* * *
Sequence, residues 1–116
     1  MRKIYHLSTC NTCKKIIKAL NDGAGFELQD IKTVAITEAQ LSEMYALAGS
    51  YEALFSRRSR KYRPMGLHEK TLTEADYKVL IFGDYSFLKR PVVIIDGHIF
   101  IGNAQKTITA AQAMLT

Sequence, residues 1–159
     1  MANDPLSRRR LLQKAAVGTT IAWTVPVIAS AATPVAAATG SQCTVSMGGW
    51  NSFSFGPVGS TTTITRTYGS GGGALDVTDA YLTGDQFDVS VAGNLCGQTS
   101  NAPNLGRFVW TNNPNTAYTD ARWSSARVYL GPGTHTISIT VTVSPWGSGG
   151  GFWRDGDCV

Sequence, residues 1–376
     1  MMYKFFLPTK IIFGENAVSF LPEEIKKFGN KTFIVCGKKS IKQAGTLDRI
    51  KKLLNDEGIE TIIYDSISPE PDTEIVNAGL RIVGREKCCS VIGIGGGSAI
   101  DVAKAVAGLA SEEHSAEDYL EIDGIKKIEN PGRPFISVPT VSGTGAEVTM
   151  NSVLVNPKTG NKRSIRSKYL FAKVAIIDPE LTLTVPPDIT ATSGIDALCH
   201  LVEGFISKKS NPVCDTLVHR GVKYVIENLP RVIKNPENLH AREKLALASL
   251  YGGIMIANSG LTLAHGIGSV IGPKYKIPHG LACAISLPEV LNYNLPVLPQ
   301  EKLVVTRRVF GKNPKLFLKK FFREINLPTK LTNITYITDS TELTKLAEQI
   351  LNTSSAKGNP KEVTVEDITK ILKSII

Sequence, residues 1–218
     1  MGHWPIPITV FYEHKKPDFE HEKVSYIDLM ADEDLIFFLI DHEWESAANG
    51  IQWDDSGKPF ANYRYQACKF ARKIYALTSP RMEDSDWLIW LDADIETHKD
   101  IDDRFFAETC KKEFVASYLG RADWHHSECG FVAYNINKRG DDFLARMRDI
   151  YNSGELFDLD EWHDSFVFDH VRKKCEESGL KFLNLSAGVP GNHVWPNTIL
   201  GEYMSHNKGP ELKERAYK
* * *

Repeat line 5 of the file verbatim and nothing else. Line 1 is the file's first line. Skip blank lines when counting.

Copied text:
Sequence, residues 1–159